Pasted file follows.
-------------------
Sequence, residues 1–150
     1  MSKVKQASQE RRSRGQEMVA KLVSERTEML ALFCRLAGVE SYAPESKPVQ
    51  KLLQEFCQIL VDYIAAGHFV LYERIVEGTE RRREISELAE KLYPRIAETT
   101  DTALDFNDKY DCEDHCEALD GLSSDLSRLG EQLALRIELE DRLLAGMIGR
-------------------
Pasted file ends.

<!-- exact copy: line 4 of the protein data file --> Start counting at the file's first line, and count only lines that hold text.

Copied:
   101  DTALDFNDKY DCEDHCEALD GLSSDLSRLG EQLALRIELE DRLLAGMIGR